Naturopathy studentsSenior Southern Cross University natural and complementary medicine academics have welcomed a move to establish a register of qualified and professional practitioners of natural medicine.

Two major branches of natural medicine have been targeted – naturopathy and Western herbal medicine. A steering committee, representing key complementary medicine stakeholder groups, has been established to set up the Australian Register of Naturopaths and Herbalists (ARONAH), which will independently register practitioners and set uniform standards.

The committee will develop procedures and principles in preparation for launching the register in 2010. It believes that the register will function as a transitional body until the Federal Government accepts the need to register these professions by statute.

Southern Cross University made history in 1995 when it established the first Australian university-based degree in naturopathy.

It continues to be a leading force in education and research in the field, now having 300 graduates from the Bachelor of Naturopathy and expanding its natural medicine course offerings to include a Master of Acupuncture and a Bachelor of Clinical Sciences (Osteopathy), as well as a Master of Clinical Science in Complementary Medicine.

“This move to set up a national register represents a major step in the progress towards the full professionalisation and acceptance of these unregulated professions,” said Paul Orrock, naturopath, osteopath and senior lecturer at Southern Cross University and a member of the steering committee.

“It aims to ensure that the public and other health professionals can trust the quality of the practitioners on this register.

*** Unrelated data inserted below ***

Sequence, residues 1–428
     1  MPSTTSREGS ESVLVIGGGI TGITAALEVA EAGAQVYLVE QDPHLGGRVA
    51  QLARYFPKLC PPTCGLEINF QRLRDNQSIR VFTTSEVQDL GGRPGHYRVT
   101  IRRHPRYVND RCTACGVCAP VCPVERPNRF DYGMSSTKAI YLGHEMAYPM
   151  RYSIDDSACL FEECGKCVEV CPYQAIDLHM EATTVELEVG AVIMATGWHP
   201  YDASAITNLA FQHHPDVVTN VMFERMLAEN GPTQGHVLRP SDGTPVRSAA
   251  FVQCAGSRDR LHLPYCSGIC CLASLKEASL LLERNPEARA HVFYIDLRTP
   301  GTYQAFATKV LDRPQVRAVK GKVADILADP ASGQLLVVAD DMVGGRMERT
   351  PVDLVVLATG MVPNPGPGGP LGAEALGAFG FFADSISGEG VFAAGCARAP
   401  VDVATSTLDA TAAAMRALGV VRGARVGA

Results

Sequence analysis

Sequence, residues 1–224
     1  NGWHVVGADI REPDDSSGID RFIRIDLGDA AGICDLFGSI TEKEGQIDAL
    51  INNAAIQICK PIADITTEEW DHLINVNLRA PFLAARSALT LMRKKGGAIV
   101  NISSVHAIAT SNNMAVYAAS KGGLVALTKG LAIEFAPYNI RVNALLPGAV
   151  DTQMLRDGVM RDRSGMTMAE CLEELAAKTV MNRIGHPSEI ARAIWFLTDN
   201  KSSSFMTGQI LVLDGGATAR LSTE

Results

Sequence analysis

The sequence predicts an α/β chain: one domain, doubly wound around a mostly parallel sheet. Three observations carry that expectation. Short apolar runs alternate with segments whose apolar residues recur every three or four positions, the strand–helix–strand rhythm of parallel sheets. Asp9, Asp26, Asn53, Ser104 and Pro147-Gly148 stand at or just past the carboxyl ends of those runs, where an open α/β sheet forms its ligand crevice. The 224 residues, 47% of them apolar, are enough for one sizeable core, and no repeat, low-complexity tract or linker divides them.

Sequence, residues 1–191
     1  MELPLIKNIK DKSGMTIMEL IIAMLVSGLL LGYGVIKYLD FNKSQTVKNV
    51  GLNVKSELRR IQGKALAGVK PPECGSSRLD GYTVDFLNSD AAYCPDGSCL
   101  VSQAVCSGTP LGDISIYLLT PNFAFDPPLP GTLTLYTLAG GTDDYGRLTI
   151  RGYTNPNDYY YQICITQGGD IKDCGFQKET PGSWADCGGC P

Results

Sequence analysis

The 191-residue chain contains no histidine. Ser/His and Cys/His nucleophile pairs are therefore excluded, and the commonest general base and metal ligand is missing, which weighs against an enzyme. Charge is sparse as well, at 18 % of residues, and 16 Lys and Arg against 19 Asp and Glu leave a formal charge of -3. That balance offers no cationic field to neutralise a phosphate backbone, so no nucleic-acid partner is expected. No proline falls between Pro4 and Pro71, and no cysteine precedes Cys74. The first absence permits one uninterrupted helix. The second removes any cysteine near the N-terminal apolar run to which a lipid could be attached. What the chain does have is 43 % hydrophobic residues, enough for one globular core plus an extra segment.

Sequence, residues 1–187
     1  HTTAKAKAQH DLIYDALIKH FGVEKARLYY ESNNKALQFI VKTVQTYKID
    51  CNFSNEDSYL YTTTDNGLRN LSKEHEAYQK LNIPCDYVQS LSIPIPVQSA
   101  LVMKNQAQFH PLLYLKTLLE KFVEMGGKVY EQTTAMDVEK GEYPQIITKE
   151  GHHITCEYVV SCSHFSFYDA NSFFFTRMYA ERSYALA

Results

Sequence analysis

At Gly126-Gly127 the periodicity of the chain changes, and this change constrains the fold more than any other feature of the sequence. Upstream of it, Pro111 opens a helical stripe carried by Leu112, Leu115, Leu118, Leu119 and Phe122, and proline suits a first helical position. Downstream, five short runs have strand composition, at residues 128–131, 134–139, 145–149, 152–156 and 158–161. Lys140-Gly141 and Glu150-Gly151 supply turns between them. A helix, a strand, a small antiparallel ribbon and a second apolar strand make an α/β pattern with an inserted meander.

“It will give the public and health practitioners the same guarantee of educational, clinical and ethical standards they currently receive from the government-registered health professions in Australia like medicine, nursing and allied health.”

Professor Stephen Myers, of NatMed Research at Southern Cross University and also a member of the steering committee, said: “Graduates in naturopathy from this institution need to complete a biomedical science-based four-year degree, yet they are afforded no differentiation from practitioners with little or no qualifications. Currently anyone in Australia can hang a shingle up and call themselves a naturopath or herbalist.”

Professor Myers said registration would enable consumers to check the credentials of practitioners.

“By and large the field is made up of well-educated professionals. But, unfortunately, there is no protection from people with little or no qualifications attempting to practice as a naturopath or herbalist,” he said.

“The time has come to set minimum standards.”

Research shows that nearly one in six Australians utilise complementary therapists as their primary care practitioners.

Mr Orrock said that other complementary therapists such as chiropractors, osteopaths and Chinese medicine practitioners were currently regulated or were undergoing the process of being regulated by the government.

However, naturopaths – by far Australia’s largest complementary therapy profession – have no such regulation. There are no national uniform standards for training or ethical practice, placing the public at risk from incompetent or unethical practitioners.

All registered health professions in Australia are currently undergoing a national registration process, due to be in place by 2010, Mr Orrock said.

Naturopaths and herbalists are currently not part of this process despite a strong recommendation in a report on the issue initiated by the Victorian government. The proposed practitioner-initiated ARONAH register is expected to mirror this process and afford the public a similar level of protection until statutory regulation is undertaken by the government.

The steering committee is calling for submissions on this issue until August 31 on their website www.aronah.org then a transparent process of appointing a board to run the register will occur.

PICTURE: Bachelor of Naturopathy senior student Bridget Aulton interviews a patient at Southern Cross University’s Natural Medicine Clinic, which is open to the public.